Dissolving Plaster CaSO4 with either NaHCO3 or NH4HCO3 ?

  • Thread starter as12
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In summary, CaSO4 is likely not going to be appreciably faster than either NaHCO3 or NH4HCO3 when dissolving set plaster. The difference may be due to the chemistry behind the dissolution, where ion exchange is taking place.
  • #1
as12
1
0
Which of the reactions between CaSO4 with either NaHCO3 or NH4HCO3 would be faster?

I'm trying to dissolve some set plaster at room temp. I've experimented with NaHCO3 but I have yet to get my hands on any NH4HCO3 though... The simple baking soda worked really well at elevated temps, quite impressive actually.

I've read here btw and would really like to stay away from the strong acids/bases...

Any insight?

Thanks!
 
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  • #2
I doubt that one would be appreciably faster than the other. Ammonium bicarb will be significantly smellier than baking soda, though, since it releases ammonia upon dissolution. So if you're working indoors or in an enclosed space with inadequate ventilation, I'd stick with baking soda.
 
  • #3
I'm puzzled as to why the bicarbonate (either) should increase the solubility of the gypsum? If gypsum dissolves in water, it produces Ca++ and SO4-- ions. How does adding HCO3- ions remove any of these ions?
When we try to dissolve chalk by adding CO2, it helps dissolution by converting CO3-- ions to HCO3- ions, so that the CaCO3 ⇔ Ca++ + CO3-- moves to the right.
But I can't see any mechanism for CaSO4. Would it not be just as good to use plain water?
 
  • #4
Merlin3189 said:
I'm puzzled as to why the bicarbonate (either) should increase the solubility of the gypsum? If gypsum dissolves in water, it produces Ca++ and SO4-- ions. How does adding HCO3- ions remove any of these ions?
When we try to dissolve chalk by adding CO2, it helps dissolution by converting CO3-- ions to HCO3- ions, so that the CaCO3 ⇔ Ca++ + CO3-- moves to the right.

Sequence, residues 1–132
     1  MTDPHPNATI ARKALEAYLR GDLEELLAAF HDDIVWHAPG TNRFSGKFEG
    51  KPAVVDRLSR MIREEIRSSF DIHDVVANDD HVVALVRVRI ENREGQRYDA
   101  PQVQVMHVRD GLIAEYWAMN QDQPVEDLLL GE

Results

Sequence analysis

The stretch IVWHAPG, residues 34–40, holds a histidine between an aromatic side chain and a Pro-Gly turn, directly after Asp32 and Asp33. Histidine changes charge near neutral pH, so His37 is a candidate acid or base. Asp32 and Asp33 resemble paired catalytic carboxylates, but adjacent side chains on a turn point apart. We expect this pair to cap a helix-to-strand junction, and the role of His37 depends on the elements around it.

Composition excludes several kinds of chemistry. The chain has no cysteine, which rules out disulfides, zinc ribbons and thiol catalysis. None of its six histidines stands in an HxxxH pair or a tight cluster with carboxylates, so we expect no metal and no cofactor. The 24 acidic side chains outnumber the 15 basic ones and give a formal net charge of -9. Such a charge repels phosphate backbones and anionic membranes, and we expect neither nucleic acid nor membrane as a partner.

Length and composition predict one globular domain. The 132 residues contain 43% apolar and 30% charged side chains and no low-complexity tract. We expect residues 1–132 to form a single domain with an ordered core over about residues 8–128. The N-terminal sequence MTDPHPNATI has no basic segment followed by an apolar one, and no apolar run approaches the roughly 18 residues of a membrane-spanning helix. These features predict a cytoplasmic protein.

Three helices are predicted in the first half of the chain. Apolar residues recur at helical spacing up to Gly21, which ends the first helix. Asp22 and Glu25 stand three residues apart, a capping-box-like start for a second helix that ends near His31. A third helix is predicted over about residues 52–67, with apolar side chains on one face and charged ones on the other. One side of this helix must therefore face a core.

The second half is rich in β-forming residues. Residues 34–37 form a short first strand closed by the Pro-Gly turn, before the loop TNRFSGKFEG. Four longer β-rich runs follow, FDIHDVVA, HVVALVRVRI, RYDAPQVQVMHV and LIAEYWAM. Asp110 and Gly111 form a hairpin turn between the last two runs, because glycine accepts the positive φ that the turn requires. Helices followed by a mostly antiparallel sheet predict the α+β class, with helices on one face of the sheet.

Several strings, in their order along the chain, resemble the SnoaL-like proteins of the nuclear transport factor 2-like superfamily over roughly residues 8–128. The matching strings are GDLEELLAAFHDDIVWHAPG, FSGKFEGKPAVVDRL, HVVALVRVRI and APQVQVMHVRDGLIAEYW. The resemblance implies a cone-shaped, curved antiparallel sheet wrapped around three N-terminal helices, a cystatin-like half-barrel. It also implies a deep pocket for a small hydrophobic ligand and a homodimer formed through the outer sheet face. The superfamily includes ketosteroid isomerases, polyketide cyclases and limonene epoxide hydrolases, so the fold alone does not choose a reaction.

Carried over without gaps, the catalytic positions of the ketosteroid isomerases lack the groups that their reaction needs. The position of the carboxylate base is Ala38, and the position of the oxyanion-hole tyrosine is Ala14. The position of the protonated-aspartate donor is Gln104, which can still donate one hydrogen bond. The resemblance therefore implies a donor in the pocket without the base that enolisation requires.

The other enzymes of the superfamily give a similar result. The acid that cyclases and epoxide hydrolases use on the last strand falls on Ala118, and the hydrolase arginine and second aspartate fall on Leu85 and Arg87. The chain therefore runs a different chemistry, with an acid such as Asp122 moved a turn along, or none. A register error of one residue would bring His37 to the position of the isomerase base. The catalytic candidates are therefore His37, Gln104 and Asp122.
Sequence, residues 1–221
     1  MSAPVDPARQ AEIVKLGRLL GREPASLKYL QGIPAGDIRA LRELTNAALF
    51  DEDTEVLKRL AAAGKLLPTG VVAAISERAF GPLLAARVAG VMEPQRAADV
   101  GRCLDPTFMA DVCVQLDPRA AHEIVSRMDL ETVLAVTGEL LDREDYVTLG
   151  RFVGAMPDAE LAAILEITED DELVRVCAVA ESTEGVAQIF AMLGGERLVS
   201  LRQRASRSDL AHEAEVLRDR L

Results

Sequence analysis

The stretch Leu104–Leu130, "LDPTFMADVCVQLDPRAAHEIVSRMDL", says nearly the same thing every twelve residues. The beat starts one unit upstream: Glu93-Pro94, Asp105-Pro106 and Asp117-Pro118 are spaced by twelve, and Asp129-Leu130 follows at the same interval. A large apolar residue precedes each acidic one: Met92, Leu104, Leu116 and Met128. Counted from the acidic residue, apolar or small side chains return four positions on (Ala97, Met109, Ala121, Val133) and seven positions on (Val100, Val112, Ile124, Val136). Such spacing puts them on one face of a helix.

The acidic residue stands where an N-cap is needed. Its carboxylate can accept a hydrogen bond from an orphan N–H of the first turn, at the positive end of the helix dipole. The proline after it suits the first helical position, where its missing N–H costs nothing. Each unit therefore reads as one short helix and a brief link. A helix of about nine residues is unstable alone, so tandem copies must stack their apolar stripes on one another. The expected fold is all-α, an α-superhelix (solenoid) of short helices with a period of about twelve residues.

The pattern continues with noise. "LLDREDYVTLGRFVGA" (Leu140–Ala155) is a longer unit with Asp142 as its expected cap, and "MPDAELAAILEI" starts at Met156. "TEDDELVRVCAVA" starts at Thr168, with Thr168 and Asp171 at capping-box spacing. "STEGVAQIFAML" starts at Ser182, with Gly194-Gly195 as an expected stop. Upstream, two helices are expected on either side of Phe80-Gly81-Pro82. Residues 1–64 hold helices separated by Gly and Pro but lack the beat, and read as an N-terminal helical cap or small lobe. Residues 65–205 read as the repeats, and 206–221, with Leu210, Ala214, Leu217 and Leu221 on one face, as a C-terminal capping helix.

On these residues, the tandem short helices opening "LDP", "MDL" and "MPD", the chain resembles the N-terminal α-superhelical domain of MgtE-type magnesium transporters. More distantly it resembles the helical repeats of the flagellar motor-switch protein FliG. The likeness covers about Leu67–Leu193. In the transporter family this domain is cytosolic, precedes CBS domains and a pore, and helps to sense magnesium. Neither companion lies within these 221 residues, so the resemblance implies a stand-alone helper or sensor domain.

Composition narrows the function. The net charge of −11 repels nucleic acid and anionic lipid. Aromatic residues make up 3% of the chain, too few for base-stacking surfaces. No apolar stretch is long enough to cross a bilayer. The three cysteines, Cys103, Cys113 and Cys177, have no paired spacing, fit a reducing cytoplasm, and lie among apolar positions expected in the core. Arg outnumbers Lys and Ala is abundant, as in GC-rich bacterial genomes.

But I can't see any mechanism for CaSO4. Would it not be just as good to use plain water?
It's a good question. I can't speak for OP, but it might be the case that they're not actually seeing dissolution, but rather the ion exchange between calcium sulfate and calcium hydroxide is breaking up the solid plaster. Especially at higher temperatures I could see some sort of ion exchange happening (where you're pushing the equilibrium more toward the hydroxide by eliminating CO2).
 
  • #5
Why not use dilute acetic acid? Will dissolve in a jiffy.
 
  • #6
Kevin McHugh said:
Why not use dilute acetic acid? Will dissolve in a jiffy.

CaSO4? Care to elaborate on the chemistry behind?
 

Related to Dissolving Plaster CaSO4 with either NaHCO3 or NH4HCO3 ?

1. What is the purpose of dissolving plaster CaSO4 with either NaHCO3 or NH4HCO3?

The purpose of dissolving plaster CaSO4 with either NaHCO3 or NH4HCO3 is to create a solution that can be used for various applications, such as in art conservation or as a cleaning agent.

2. What are the differences between using NaHCO3 and NH4HCO3 to dissolve plaster CaSO4?

NaHCO3 (sodium bicarbonate) and NH4HCO3 (ammonium bicarbonate) are both commonly used as solvents for plaster CaSO4. However, they have different chemical properties and may have varying effects on the dissolution process. NaHCO3 is a weaker base compared to NH4HCO3, meaning it may take longer to dissolve the plaster. NH4HCO3 may also produce ammonia gas during the dissolution process, which can be harmful if inhaled.

3. How does the dissolution process work?

The process of dissolving plaster CaSO4 with either NaHCO3 or NH4HCO3 involves the reaction between the bicarbonate ions and the calcium sulfate in the plaster. This results in the formation of calcium bicarbonate, which is more soluble in water and can be easily removed from the surface of the plaster.

4. What are the recommended ratios of plaster CaSO4 to NaHCO3 or NH4HCO3 for dissolution?

The recommended ratios may vary depending on the specific application. Generally, a ratio of 1:1 (plaster CaSO4 to bicarbonate) is recommended for a moderate dissolution rate. A higher ratio of 2:1 may be used for a faster dissolution rate, but this may also result in a more alkaline solution. It is important to carefully measure and adjust the ratios for the desired outcome.

5. Are there any safety precautions to consider when dissolving plaster CaSO4 with either NaHCO3 or NH4HCO3?

Both NaHCO3 and NH4HCO3 are considered safe to use, however, it is important to follow safety precautions when handling these chemicals. Always wear protective gear such as gloves and eye protection when handling them. Additionally, NH4HCO3 can produce ammonia gas during the dissolution process, so it is important to work in a well-ventilated area. In case of accidental ingestion or inhalation, seek medical attention immediately.

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